Electromagnetic Resonance De-icing Light Scam (2024)

Do not buy the viral Solar-Powered Electromagnetic Resonance De-Icing Lights. This product which is often advertised with 50% discount and different brand names only works as a cheap solar lamp, nothing more.

The Invention story, Ads, discount sale, and 100% guarantee claims are all scam tactics to rip you off your hard earned money. Want to know how the Electromagnetic Resonance De-Icing light really works? Here’s our investigative report.

How Does The Electromagnetic Resonance De-Icing Light Work?

The Ads & various websites claim the light keeps snow and ice away by using a technology solution designed by CERN. However, this technology claim is false and non-existent. CERN ( The European Organization for Nuclear Research) has no invention or experiment on Electromagnetic Resonance.

There’s only one research on Electromechanical Resonant Ice Protection Systems by a student, and that article itself doesn’t provide proof showing it works. Hence, it didn’t develop into a case study.

The Electromagnetic Resonance De-Icing Light only works as a Solar lamp. It isn’t effective in melting snow or keeping ice out. The lamp itself looks like a dollar store cheap solar garden light and not something invented with ‘Electromagnetic Resonance’.

When placed in a snow covered yard or car, it does nothing but display light. It didn’t melt a drop of ice even after 30 minutes.

The Electromagnetic Resonance Deicing Light scam goes by various names; Arotsukit™ , Fivfivgo, Wree, UPMIXU™, Limetow, Edamon, etc. Don’t Fall for them!

Electromagnetic Resonance De-Icing Light Scam Revealed

Fake Invention Story

The Electromagnetic Resonance technology story is simply a sham. CERN has no invention by that name, neither is there a case study or complete research on its effectiveness.

False Snow Melting Claims

As mentioned earlier, this solar powered light does not melt snow or keep ice away. It does nothing of the ‘de-icing’ claim. It’s just a cheap solar powered light.

Fake Discount

Buyers are made to believe they’re getting it for a cheap bargain of 50% discount. However, the real price for this Solar lamp as seen on Aliexpress is between $10-$12, whereas the websites selling the fake deicing light sells it for $20

False Guarantee of Return & Refund

There’s no guarantee of a return or refund. The 100% returns and refunds claim are entirely false, just sales gimmick used to create a sense of trust in buyers.

Reviews & Complaints

On Amazon, buyers have rated the Electromagnetic Resonance light a poor 1% over 5, calling it a scam.

Nothing more than a dollar store cheap solar garden light. Google Solar Power De Icing Light Scam

Look ok. Do absolutely nothing.


This is a scam. do not buy

What to Do If You Got Suckered into Buying the Electromagnetic Resonance Light

1. Hit Up Your Credit Card Provider: Grab that phone and call your credit card provider ASAP. Tell them it’s an emergency you need to dispute those charges.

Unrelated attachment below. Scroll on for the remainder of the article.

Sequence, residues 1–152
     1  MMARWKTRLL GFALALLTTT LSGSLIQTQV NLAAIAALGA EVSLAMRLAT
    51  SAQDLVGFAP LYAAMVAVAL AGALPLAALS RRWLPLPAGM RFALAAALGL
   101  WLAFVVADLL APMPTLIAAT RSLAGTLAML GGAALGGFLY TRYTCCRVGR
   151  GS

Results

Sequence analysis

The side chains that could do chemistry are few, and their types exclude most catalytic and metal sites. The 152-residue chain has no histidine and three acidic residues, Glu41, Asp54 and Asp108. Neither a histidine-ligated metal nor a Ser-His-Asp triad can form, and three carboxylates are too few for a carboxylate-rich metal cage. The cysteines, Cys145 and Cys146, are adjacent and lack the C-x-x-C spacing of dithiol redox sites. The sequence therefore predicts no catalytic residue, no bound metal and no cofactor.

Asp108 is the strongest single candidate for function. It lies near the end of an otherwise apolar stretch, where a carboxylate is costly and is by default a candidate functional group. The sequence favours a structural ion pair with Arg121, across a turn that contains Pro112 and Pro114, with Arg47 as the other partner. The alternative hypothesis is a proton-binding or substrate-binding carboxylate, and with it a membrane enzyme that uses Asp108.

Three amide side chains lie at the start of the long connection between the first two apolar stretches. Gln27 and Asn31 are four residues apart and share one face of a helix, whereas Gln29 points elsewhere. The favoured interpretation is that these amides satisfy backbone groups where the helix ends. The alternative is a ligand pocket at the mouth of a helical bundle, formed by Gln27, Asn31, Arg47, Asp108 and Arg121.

2. Gather Evidence: Get your camera out and start snapping pics of that basic $5 streaming stick they sent you. Capture shots of the packaging, revealing its real cost, and any proof that it couldn’t unlock a thing.

3. Start Filing Complaints: Report these scammers to the FTC, your state attorney general, RipOff Report. The more reports, the better.

4. Let the World Know: Spread the word like wildfire. Leave negative reviews on Trustpilot and anywhere else people might be thinking of falling for this scam. Hit up your social media – save others from the same fate.

5. Get Tough with Your Bank: If the chargeback dance doesn’t work, tell your credit card bank. Go for arbitration armed with your evidence.

How To Spot De-icing Product Scams This Winter

It’s quite easy to spot fake products advertised as snow removal devices. The first red flag is the outlandish claims of new invention made on Ads. The technology mentioned is always new and unheard of.

There are also ‘Discounts’ offered or ‘limited Sales’ offer which are actually marketing gimmick to create a sense of urgency. 50% discount on a supposedly new invention should set off a warning alarm.

Another red flag to watch out for is lots of comments on the ads, but they’re either too positive, too vague, or totally unrelated. Comments like that are either created with fake accounts or profiles, or bots.

Conclusively, you’re more likely to come across fake de-icing device Ads on Facebook, as it is the first place these devices are advertised due to Meta’s lax advertising system. So be on the watch out for slicky Ads on Facebook.

Similar De-icing Device Scams You Should Be Wary Of

Over the past month, I’ve investigated and exposed the following scam deicing tools marketed online;

Heat Wolf Deicer – allegedly a portable instrument that uses microwave molecular technology to protect vehicles from snow and ice. This tool or gadget is said to have been invented by  researchers from the University of Tokyo. However, it’s actually a Car Air Freshner Diffuser.

Portable Kinetic Heater – Sold under different brand name like ‘Timnamy’ ‘Miqiko’, etc. The background story about Kinetic Technology is mere marketing strategy to attract buyers. It is just a mere rotating car perfume.

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